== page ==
“A wise teacher takes out treasures both new and old.” - Jesus
Do you remember learning to ride a bike?
The wobbly wheels, the shaky handle bars, and painful spills that came without notice?
When you first get started as a leader in any arena (pastor, parent, company president, etc), everything feels like those early days of riding a bike without training wheels.
You feel small, inadequate, and unsteady.
But through preparation, prayer, and persistence you rise and meet the challenge.
Diligence pays off and your leadership acumen begins to grow.
The vision starts to become a reality.
Soon, like an accomplished bike rider you are zipping up and down the streets with no thought to staying balanced.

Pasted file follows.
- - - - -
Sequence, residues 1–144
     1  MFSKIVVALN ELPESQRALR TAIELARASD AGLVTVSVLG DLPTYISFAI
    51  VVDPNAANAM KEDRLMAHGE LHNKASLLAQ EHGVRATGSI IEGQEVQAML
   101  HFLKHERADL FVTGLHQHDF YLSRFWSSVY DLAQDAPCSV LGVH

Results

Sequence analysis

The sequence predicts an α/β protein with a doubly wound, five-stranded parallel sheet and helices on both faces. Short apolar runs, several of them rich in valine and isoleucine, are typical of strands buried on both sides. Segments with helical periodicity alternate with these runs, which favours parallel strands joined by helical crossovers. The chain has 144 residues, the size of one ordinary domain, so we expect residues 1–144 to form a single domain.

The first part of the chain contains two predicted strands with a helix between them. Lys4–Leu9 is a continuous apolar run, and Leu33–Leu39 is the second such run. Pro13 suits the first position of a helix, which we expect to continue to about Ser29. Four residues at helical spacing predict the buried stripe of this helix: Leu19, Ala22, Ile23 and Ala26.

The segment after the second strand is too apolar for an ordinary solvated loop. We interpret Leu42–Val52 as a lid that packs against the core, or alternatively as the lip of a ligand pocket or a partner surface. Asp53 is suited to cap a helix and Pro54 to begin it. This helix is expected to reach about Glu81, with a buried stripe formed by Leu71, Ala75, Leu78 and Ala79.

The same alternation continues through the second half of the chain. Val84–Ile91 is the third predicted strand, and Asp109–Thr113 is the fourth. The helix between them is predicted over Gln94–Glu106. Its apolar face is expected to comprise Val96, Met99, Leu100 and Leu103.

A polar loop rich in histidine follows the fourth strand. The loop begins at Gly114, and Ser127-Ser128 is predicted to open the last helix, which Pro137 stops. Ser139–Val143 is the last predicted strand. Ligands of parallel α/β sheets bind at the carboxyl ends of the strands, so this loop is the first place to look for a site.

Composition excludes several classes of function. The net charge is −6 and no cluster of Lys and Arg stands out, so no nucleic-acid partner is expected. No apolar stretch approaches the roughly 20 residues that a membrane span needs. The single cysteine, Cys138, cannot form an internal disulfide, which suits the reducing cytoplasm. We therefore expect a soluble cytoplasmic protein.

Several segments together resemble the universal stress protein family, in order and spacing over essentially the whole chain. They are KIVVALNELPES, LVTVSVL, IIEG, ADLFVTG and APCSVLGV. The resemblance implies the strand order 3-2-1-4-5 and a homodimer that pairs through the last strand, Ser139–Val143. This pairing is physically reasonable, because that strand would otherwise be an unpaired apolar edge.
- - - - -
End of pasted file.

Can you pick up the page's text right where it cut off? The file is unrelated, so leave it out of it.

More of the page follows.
What once was such a chore is now second nature.
Your experience has made you strong.
But it is in this place where things can get tricky for leader with a positive track record.
Without even realizing it, the experienced leader ceases to lead from revelation and influences solely on reflex.
Memory replaces vision, and drawing on history becomes the only way that they know to shape the future.
Without vision, their leadership carries a blindness that blunts its effectiveness.
Because they are so enamored with looking backward, the fact that they can’t see forward doesn’t matter.
And their followers pay the price for the lack of insight.
But you can avoid all of this by remembering one important principle:
The best leaders lead with a powerful blend of revelation AND reflex, memory AND vision.
They draw on what they know, but are still reaching to learn, grow, and experience more.
Leaders like that don’t simply ride.
These leaders soar.
So don’t be content to just ride.
“Stay hungry. Stay foolish”- Steve Jobs